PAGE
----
How to shoot sports videos

f you ever wanted to combine your passion for sports and for making money, then this article is perfect for you. Shooting sports videos can be lucrative, and if you already own a camcorder, then you're halfway there.

There are two ways to make sport videos-as a viewer or as a participant. You are probably experienced with both. Many athletes, especially those who get tagged as "extreme," often wear customized helmets and other camera gear that essentially put you into the driver's seat. Camcorders can be mounted in almost anything sunglasses, vests, helmets and even customized camera harnesses and tripods mounted on someone's shoulder. Companies like Action Sports Cams offer a variety of helmet-cams, goggle-cams, and sunglass-cams to make it easy to capture your action as you zoom over moguls on a ski slope or race around a dirt track on your motorcycle. You don't have to worry about carrying or dropping your camcorder, because you are wearing it.

The Action Sports Cams solution consists of a tiny color camera that clips to your sunglasses or helmet and then connects via analog video and audio cables to a camcorder that you wear around your waist in a fanny pack. For added control, the company also sells a special $99 remote control unit that plugs into your camcorder's LANC ports and enables you to easily start and stop the recording.

As a spectator shooting a sports video, you can be actively involved-like a scuba diver videotaping the underwater adventures of his dive buddies or a skydiver documenting the freefall acrobatics of fellow parachutists. Or, you can be more of a passive spectator, sitting courtside with camcorder and taping the game or event as it progresses. Of course, it can be a bit of both.

In this article, we are going to concentrate on how to shoot from a lazy person's perspective. You'll learn how to make a sports video without raising a sweat, spending a lot of money, or putting your life in danger.

1. KNOW THE SPORT

One of the most important aspects of shooting a sporting event is knowing the sport. Roberto Bonilla of Direct Shot Video Productions says, "It helps if you understand the sport. You can anticipate what is going to happen next, which will give you smoother camera movements. I played soccer all my life and I coach, so videotaping soccer comes pretty easy."

Adds Katie Elfsten of Dreamline Images, "The key to shooting sports is anticipation. If you can anticipate the moves of the players and where the ball is heading, you will be ahead of the game. Once you understand the sport you are filming, you can now get creative."

Knowing the sport lets you plan where you should set up your tripod to get the best shot. Knowing the sport lets you anticipate which direction the ball and the action might be going so that you can lead your camera in the right direction. Finally, knowing the sport can also help you determine what exactly you can do with your video.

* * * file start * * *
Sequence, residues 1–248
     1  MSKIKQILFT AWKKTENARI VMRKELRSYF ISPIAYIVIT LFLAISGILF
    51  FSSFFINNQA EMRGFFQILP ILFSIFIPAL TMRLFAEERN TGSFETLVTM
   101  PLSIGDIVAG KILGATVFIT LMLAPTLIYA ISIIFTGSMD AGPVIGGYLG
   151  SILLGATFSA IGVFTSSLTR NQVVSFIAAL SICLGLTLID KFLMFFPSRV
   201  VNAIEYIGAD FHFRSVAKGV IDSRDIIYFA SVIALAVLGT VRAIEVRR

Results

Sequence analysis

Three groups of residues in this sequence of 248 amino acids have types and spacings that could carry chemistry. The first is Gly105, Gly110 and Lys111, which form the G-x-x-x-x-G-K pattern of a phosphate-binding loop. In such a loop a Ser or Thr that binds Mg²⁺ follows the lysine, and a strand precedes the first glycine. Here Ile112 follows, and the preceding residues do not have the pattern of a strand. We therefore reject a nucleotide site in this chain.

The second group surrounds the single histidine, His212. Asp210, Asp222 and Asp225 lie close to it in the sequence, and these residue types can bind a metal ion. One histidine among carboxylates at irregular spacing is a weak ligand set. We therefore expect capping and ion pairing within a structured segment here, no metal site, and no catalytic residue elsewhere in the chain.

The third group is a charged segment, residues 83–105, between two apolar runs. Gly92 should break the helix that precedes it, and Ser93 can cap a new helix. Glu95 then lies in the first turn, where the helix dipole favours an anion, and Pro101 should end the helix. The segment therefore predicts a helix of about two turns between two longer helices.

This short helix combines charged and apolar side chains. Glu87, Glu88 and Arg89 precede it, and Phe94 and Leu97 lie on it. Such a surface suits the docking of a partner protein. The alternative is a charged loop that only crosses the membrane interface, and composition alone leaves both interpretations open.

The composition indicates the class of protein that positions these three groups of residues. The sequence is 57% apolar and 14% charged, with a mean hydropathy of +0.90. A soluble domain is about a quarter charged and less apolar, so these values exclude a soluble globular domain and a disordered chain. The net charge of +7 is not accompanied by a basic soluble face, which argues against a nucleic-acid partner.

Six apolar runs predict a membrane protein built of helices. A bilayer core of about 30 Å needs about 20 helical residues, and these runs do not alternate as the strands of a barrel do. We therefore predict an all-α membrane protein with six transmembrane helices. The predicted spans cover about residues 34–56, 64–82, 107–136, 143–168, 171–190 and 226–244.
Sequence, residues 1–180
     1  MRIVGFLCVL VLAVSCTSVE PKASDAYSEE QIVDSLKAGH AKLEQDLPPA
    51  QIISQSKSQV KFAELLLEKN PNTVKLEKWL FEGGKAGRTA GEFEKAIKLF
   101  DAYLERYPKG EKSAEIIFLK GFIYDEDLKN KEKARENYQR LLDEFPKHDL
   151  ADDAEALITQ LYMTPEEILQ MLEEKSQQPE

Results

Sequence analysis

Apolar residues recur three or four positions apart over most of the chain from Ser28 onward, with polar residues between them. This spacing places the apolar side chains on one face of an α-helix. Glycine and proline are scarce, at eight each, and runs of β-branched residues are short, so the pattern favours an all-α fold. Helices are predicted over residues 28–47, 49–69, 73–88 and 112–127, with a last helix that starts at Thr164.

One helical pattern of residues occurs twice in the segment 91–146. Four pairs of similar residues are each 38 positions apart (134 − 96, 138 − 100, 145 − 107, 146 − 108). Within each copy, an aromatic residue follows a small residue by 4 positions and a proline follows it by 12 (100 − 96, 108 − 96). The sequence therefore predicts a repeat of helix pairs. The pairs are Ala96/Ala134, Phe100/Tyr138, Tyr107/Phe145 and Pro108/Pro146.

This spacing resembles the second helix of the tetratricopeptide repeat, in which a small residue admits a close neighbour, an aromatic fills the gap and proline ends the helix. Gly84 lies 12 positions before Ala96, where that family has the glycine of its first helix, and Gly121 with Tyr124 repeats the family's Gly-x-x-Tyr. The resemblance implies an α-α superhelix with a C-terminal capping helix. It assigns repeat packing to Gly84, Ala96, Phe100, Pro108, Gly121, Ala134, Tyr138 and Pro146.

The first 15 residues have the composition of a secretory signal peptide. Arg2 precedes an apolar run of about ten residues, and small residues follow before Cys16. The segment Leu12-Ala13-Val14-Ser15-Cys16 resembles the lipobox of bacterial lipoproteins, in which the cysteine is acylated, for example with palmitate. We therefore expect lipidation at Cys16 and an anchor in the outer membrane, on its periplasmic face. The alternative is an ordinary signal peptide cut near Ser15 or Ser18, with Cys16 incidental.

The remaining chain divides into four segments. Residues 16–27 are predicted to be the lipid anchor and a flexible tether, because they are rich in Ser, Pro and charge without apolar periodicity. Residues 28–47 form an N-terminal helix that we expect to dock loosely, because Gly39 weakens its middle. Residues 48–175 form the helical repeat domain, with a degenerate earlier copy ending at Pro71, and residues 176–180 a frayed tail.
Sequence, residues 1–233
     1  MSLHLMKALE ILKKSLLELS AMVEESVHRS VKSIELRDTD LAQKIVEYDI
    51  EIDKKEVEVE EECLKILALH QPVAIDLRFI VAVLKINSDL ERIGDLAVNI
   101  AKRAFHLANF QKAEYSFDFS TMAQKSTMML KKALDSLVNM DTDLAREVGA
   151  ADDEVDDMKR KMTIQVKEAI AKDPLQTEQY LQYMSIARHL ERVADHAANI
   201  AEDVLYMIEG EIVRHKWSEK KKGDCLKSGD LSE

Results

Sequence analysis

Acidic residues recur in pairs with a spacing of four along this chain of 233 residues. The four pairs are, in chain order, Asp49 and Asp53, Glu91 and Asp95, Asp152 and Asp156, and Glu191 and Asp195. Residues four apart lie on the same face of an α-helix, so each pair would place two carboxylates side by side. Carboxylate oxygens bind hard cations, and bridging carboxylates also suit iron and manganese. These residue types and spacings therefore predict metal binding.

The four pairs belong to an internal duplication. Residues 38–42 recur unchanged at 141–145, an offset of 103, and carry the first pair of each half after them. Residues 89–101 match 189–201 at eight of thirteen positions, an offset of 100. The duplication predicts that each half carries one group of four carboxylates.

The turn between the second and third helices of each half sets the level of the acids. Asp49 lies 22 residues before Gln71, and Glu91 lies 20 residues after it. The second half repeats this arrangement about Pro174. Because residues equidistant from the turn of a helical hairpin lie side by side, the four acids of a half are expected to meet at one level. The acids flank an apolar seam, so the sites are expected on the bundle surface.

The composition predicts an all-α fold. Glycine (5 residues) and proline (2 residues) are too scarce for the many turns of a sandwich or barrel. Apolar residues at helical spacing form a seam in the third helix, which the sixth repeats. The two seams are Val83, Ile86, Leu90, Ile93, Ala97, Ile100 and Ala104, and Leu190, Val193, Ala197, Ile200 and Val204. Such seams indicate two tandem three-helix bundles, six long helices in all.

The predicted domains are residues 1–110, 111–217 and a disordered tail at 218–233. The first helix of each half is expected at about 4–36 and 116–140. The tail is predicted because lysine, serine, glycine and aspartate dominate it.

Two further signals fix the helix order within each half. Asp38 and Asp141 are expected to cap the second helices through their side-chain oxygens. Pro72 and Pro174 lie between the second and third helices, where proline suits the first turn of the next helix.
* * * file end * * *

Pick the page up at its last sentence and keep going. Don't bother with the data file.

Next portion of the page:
Are you shooting to capture a few exciting plays that can be played back on local TV or cable news? Are you trying to get highlights of a specific player and his/her actions so that the player's proud parents can watch it over and over again with the relatives? Maybe you are doing a team video-in which you are trying to catch highlights of all the players. Or, possibly, you have been hired by the coach to get an overall wide shot of the game-to shoot video of the big picture so that he or she can plan strategy for upcoming games, as well as analyze his/her team's performance on tape.

2. FIND THE BEST SPOT

Let's analyze a few games and figure out some of the best places to shoot from, starting with baseball or softball. One of my favorite angles is behind the right-field foul line, so that I can get a good shot of the hitter as he/she swings and then dashes to first base. This is really good for right-handed hitters. If you are concentrating on the performance of a lefty, you might want to be behind third base, outside the left-field foul line. Either of these locations will enable you to get coverage of the infield as well as outfield.

By the way, if you are shooting a hardball game, it makes sense to keep your eye on the ball, so that you don't get hit on the noggin by an errant foul ball.

 

For soccer, get as close to the goal as possible. If you can't get behind the end line, at least get close to the end of the field along one sideline. The point is to get shots of the players and ball coming at you. I usually kneel or sit down in the grass, with the camcorder low on the tripod, shooting up at the players as they rush down the field toward me.

Standing at the midfield line, panning back and forth is boring. Plus, I guarantee, when you play the tape back, you'll make your audience seasick. This same recommendation goes for sports like basketball and hockey. Get an angle where you can get the action coming toward you.

For football, either get behind the goal posts and shoot the action coming toward you or follow the team up and down the field, re-setting the camcorder and tripod at the line of scrimmage for every play.

 

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